La Pitilla elementary is multi-grade school: a single teacher teaches kids from pre-school through sixth grade. Currently there are 28 students in the following levels:

Preschool: 7
First grade: 5
Second grade: 4
Third grade: 7
Fourth grade: 4
Fifth grade: 1
Sixth grade: 0

As mentioned before, the school infrastructure is very rustic and limited in space, with very poor conditions for learning. It is located in a piece of land donated by one of the community inhabitants. The dirt floor of the school is not protected from external elements, and it is usually flooded or muddy when it rains. The low walls and roof, made of corrugated metal sheets, make the school room very hot during sunny days. The limited space (6.5 x 13 ft.) for 28 kids, who are in seven different grades, is very noisy and chaotic, making difficult teaching and learning. These conditions in general affect the school performance and outcomes. Two students, enrolled at the beginning of the year dropped out from the school; lack of attendance is also frequent, affecting student’s performance and completion. It is clear the poor school conditions is affecting motivation of students.

This project consists in the construction of a single 33×20 ft. classroom. The building will be based on a concrete slab reinforced with steel mesh. The pillars and beams will be made of square 4×4” steel pipes. The walls will be made of pre-fabricated cement dry wall sheets. The roof structure will be made with 4×2” steel purlins and will be covered with zinc roofing sheets. We expect this new school space will produce the following outputs:
• A comfortable space where the teacher can organize small groups of students with enough separation to minimize the interference between groups. The space provided is also suitable for dynamic activities to improve the teaching methodologies in favor of a learning-by-doing. A general improvement in students’ performance and educational outputs is expected as a result.
• The new school will also provide a central space for the community to meet with different purposes, like community assemblies to deal with development issues, cultural activities, training workshops, adult literacy classes, and other services provided by the government or other organizations (health care, vaccination, vocational training, etc.)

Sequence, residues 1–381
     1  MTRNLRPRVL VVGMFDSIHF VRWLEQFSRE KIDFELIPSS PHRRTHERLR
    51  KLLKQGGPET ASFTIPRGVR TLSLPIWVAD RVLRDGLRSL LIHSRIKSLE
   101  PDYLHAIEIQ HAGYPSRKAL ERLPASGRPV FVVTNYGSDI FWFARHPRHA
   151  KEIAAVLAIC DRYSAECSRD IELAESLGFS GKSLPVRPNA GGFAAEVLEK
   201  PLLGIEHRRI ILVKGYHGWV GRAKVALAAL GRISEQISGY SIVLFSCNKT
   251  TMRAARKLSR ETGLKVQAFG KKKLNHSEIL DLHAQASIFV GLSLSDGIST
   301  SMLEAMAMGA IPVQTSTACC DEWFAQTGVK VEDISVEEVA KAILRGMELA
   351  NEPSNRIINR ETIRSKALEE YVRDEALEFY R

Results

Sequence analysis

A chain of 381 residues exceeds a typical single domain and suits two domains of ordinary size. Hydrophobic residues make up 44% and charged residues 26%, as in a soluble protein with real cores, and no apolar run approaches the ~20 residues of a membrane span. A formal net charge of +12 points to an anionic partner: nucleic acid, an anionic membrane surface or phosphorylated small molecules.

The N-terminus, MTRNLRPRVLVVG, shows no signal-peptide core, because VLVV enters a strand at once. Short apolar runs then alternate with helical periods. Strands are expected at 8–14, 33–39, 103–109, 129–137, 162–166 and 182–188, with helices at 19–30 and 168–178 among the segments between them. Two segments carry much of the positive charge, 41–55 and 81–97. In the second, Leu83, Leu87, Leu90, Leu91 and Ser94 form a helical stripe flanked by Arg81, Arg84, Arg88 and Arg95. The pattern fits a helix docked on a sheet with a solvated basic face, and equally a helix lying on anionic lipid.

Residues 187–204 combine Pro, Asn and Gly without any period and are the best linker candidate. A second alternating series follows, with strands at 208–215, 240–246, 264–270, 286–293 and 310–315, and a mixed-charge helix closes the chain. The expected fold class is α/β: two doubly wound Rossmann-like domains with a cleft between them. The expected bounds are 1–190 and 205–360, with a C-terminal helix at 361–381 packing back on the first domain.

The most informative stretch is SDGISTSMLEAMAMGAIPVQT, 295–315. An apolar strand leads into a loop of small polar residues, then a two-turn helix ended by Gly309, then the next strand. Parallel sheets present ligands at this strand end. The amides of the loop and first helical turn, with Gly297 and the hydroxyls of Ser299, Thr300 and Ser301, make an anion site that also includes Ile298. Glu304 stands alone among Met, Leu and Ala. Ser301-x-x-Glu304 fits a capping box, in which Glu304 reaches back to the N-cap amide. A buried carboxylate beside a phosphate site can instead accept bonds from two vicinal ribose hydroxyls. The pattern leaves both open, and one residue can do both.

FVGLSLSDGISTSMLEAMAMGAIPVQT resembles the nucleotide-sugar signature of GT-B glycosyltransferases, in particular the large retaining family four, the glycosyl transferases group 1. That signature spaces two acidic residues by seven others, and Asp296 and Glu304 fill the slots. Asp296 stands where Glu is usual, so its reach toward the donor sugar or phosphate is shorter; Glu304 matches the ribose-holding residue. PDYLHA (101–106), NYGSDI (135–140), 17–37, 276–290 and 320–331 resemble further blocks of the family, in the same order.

• A safe temporary shelter for families affected by natural disasters, like floods or mudslides.
After the completion of the construction phase, the project will be managed jointly by the community and the Nicaraguan Ministry of Education, who is already paying the teacher’s salary. The community will eventually transfer the property to the Ministry of Education for the long term management and maintenance.

We rate this a high priority project. That is based on several factors:

• Existing resources are both overstretched and deficient;
• The facilities will be utilized immediately;
• New facilities will be utilized by multiple groups within the community
• SOL has a excellent working relationships with the teachers and community;
• There is already a commitment by the Ministry of Education of Nicaragua to provide the school resources, including the teacher’s wage, in the future.

The project impact indicators to be monitored include:

– An increase of 25% more in school enrollment.
– A 20% improvement in school attendance.
– 35 students and one teacher with decent conditions for teaching and learning.
– A 10% improvement in elementary school completion.
– 120 community inhabitants participate in activities hosted by the new school, including assemblies, cultural events, community service delivery (health and education).
– An average 10% improvement in students’ school performance.

Total project cost: $12,000
Photos of the community can be found here.